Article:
Pattison knew that the Governors had the prerogative to choose whomever they liked; but, according to his ironclad plan, whoever was appointed would be contractually bound to secrecy and not even be able to prescribe the paste without Pattison’s written consent. Once the investigation was completed, the superintendent would then inform the Honorable Board as to its safety and oversee the patients who had been treated. Thus, Pattison had articulated an ingenious plan to legitimize the formula while keeping the entire process under his jurisdiction. The 20 Middlesex Hospital patients were to occupy a single ward, under the care of the superintendent, Dr. Pattison, and a team of "trustworthy nurses" (, 132). Pattison might not have realized it at the time, but his call for a small, mixed cohort of 20 patients would not have yielded consistent information. Pattison appears not to have taken into statistical account the age and sex of patients, the type and stage of the disease in each case, and co-morbidities, if any.
Pattison demanded exclusive rights to wax representations of the tumors: hence, drawings or models of the worst cases of disease were to be made before and after the removal of a tumor. These artifacts, for which the Hospital would pay, were to become his property, along with all anatomical specimens. Realizing that escharotic surgery had limitations, he even audaciously redefined a "cure" to be a condition in which malignant tissue had been extirpated during the trial: the person from whom the tumor had been removed and who was left with a healthy sore, "shall be considered as cured," and the House Surgeon shall be responsible for post-operative care. Compliant with the definition, The Honorable Board shall officially proclaim that Dr. Pattison's paste had cured superficial cancers. No mention was made of remission periods or of recurrent disease (132).
Not surprisingly, in a 30 November letter, the Medical Committee and the Board of Management rejected Pattison’s prospectus on the basis of the Institution’s long-standing disclosure policy: surgeons were required to keep thorough medical records of their patients, to report extraordinary circumstances during the course of treatment, and to reveal, "for the benefit of society," any "providential" discovery (Pattison, , 82; , 133). Pattison's conditions made this impossible.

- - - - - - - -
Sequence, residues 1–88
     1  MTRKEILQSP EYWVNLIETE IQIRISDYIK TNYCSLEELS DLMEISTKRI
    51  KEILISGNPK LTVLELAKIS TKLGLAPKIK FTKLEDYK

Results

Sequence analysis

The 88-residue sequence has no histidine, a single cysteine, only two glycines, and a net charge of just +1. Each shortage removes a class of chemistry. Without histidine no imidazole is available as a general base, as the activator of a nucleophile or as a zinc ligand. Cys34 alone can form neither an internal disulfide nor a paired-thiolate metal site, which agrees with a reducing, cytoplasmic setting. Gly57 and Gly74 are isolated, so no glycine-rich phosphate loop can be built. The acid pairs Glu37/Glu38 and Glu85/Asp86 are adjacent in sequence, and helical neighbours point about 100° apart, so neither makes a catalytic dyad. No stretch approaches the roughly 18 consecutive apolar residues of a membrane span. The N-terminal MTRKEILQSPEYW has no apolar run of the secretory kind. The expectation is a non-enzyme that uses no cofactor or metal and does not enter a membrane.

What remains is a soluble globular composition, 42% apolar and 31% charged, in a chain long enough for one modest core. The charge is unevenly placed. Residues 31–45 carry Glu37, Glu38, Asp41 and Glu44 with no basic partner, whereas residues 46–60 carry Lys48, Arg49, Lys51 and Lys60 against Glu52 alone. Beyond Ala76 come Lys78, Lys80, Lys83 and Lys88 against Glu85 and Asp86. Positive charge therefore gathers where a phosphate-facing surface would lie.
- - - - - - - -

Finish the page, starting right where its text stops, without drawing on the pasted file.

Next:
1860-1866: Identity Lost & Regained
In 1860, as noted in the opening paragraph, Pattison learned that another chemical surgeon, conducting a trial of a zinc-chloride compound in 1856-1857, had not only failed to demonstrate the superiority of caustics over ablation, but had also been exposed as a profiteer. This revelation directly interfered with Pattison's strategy to legitimize his surgical technique and to establish a lucrative practice. Middlesex Hospital, it appeared, had "solicited a foreign adventurer to try his method of cure, which proved to be a complete failure" (Pattison, , 129). The so-called "foreign adventurer" was none other than Dr. Fell: an American by birth, an NYU Medical School alumnus of Pattison's, a zinc-chloride practitioner, and a person derided in the press as a quack. Even worse, according to Pattison, was that the public had mistaken him for Dr. Fell. Thus, before Pattison could build his practice, he had to correct the public misconception about the trial and the erroneous charge that he was responsible for Mrs. Emile Gosse's suffering. In the 1866 text, Pattison expressed indignation that the Emily Gosse case had been imputed to him:
I have lately been told by several patients that they had been informed that Mrs. Emily Gosse had been under my care, whose cruel treatment and sufferings are recorded in a little book entitled 'Tell Jesus.' This lady was never under my care, nor have I ever had the pleasure of meeting her. She was under the care of the person referred to in the above paragraph [i.e., Dr. Fell], and no doubt her sufferings were aggravated, and her life shortened by the barbarous employment of pure chloride of zinc. [Pattison (1866), 15]